Flashcards in Chemistry Deck (116)
What's an isotope?
Atoms of the same element but with a different number of neutrons.
They have the same number of protons and electron but a different number of neutrons.
They have the same chemical properties but different physical properties because of their different masses. Some are unstable and radioactive.
What's ionic bonding?
The giving or taking of an electron between a metal and a non-metal.
(Ionic compounds are neural since the charges cancel each other out)
What's an ion?
An atom or molecule with a net electric charge due to the gaining or losing of one or more electrons.
What happens to sodium and chlorine during ionic bondng?
Sodium loses an electron and becomes a positive ion and chlorine gains an electron and becomes a negative ion.
How do ions bond?
One ion is negative and one is positive so they are attracted to each other.
This is called electrostatic attraction and forms an ionic bond.
Ionic compounds are neutral as the charges on the ions cancel each other out.
What's covalent bonding?
The sharing of a pair of electrons between a non metal and a non metal
What happens with the covalent bonding of hydrogen?
As hydrogen has 1 (/2) electron on its (first) outer shell, it needs 1 more electron for a full shell so they bond together and share a pair of electrons.
What happens with the covalent bonding of oxygen?
As oxygen has 6 electrons on its outer shell, there has to be a double covalent bond as it wouldn't be able to share a pair of electrons and have a full outer shell.
Common properties of metals
Good conductor of heat (delocalised electrons)
Good conductor of electricity (delocalised electrons)
Solid at room temp (except mercury)
High melting and boiling point
Have free, delocalised electrons
Why are metals malleable?
The atoms are the same size and arranged in layers so the layers can easily slide over each other.
Why do metals have high melting points?
Because there is high electrostatic attraction between the metal ions and electrons so lots of energy is needed to overcome the attraction and melt the metal.
How does a calcium atom change to a calcium ion with a 2+ charge?
It loses two of its electrons and becomes positively charged.
What type of structure is graphite and diamond and why do they have high melting points?
Because they have strong intramolecular bonds which require lots of energy to break.
What are hydrocarbons?
A compound of hydrogen and carbon from crude oil.
What are the simplest alkane hydrocarbons?
What's the formula for alkanes?
They are saturated and have the formula CnH2n+2
What are the simplest alkene hydrocarbons?
What's a polymer?
Really long chains of molecules (monomers)
What are monomers?
A molecule which can bond to form long chains of polymers.
What's bad about polymers (plastics)
Made from crude oil - limited
Incineration emits toxic gasses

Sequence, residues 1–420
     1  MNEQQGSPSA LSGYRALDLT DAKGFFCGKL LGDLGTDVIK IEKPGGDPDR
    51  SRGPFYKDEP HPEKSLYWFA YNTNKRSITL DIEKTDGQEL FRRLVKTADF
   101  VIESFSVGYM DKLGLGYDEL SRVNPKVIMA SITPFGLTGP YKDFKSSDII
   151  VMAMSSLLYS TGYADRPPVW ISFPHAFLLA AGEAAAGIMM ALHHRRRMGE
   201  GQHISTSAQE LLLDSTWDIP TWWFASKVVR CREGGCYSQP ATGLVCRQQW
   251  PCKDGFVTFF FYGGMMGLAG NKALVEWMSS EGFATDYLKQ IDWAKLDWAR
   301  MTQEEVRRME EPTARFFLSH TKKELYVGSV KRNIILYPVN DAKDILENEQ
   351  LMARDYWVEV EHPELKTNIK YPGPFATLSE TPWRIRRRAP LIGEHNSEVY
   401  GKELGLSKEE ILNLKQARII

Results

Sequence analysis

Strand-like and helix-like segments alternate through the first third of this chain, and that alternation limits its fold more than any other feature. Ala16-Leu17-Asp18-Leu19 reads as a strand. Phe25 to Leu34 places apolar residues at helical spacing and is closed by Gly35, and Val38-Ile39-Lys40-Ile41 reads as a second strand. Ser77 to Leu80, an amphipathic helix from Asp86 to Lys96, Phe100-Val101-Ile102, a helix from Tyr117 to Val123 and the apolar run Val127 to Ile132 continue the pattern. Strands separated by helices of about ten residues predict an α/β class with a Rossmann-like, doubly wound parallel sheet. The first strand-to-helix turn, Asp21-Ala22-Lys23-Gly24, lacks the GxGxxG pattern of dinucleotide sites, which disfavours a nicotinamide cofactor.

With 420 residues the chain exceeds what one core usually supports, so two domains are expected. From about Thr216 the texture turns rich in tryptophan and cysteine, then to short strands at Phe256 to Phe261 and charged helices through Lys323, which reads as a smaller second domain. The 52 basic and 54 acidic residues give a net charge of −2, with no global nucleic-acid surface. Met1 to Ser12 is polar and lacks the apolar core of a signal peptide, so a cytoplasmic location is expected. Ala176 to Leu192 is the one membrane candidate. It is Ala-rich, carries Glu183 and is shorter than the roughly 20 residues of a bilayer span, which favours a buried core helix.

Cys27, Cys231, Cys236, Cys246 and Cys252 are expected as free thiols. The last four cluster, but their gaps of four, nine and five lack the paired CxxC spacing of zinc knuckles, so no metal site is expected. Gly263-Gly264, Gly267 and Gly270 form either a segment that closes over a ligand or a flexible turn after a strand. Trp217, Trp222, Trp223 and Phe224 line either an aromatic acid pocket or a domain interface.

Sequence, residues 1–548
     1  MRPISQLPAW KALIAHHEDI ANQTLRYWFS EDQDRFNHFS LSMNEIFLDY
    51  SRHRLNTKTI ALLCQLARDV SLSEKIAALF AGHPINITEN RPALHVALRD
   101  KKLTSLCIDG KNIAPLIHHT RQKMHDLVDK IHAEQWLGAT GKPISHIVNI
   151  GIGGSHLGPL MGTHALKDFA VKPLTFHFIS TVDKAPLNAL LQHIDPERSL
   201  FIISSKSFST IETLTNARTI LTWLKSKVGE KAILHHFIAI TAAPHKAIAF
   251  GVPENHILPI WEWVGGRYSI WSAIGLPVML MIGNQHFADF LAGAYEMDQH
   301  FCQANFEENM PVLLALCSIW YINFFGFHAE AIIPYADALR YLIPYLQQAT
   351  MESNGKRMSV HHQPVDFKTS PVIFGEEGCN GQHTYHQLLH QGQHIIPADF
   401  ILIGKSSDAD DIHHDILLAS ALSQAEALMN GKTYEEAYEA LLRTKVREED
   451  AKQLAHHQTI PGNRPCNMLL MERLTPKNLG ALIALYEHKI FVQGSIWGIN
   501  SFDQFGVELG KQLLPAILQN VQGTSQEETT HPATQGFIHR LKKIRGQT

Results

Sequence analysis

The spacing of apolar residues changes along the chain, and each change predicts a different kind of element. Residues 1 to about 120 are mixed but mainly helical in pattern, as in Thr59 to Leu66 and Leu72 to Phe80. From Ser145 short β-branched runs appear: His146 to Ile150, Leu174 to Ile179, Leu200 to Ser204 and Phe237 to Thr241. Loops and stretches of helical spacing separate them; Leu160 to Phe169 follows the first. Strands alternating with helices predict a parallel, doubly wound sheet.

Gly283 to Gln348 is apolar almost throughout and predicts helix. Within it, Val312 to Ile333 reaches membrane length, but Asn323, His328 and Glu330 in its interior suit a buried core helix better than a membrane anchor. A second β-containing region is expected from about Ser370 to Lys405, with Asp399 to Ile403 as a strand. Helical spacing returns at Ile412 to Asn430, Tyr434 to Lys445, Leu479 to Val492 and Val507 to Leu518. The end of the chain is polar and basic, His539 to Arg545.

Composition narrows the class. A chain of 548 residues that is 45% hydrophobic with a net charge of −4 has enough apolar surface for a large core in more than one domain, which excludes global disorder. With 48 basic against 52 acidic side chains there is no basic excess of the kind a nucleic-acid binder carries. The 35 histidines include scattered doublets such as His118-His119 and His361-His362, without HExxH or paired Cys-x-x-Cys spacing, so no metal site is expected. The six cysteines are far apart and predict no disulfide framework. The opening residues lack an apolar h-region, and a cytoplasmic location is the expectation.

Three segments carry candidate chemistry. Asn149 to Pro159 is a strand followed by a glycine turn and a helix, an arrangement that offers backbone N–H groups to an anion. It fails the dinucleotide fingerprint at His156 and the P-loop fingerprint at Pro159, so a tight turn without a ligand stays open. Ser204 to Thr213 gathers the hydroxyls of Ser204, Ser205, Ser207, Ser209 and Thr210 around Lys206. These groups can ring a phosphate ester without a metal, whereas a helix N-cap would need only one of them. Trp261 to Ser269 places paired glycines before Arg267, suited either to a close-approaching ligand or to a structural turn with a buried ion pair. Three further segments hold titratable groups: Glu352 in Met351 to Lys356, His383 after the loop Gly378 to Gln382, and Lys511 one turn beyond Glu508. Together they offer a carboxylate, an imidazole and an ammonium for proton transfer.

Landfills take up space and lots of time to decompose
What are the 2 types of plastic?
Thermosoftening / thermoplastic:
Can be heated and remoulded
Have weak intermolecular forces which break when heated - these allow the polymer chains to slide over each other.
Made up of individual polymer chains that are tangled together which when heated become soft and hard and is one called
Rigid and have a high melting point
Can't be remoulded
Have strong cross links between polymers which don't break when heated
What are the 4 things which affect the rate of a reaction?
How does temperature affect the rate of a reaction?
The higher the temperature, the faster the rate of reaction.
It gives the particles more energy so they move around faster, therefore colliding more often in the same amount of time, meaning the reaction occurs faster.
How was concentration affect the rate of reaction?
The higher the concentration, the faster the rate of reaction.
If there is an increase in concentration, this means there are more particles in the same volume of the substance therefore there will be more, successful collisions and a higher rate of reaction.
How does surface area affect the rate of reaction?
The large the surface area (smaller the surface area) the faster the rate of reaction.
You increase the surface area each time the object is cut smaller so small substances react faster. This is because, as smaller objects has larger surface areas, there are more atoms exposed on these surfaces, ready to react.
What's a catalyst?
A substance that speeds up the rate of reaction without actually being used up in the reaction itself.
They never produce more product, just the same amount more quickly.
Most lower the reactions activation energy (Ea) meaning they require less energy (minimum energy required).
What gas is given off when calcium carbonate reacts with hydrochloric acid and how can the volume of gas given off be measured?
1) measure the loss in mass on a balance as the reaction happens.
2) collect the gas in a measuring cylinder filled with water or in a gas syringe.
When are reactions usually at their fastest?
At the start.
Which would react fastest in dilute acid, the same mass of iron nails, iron wool or iron filings?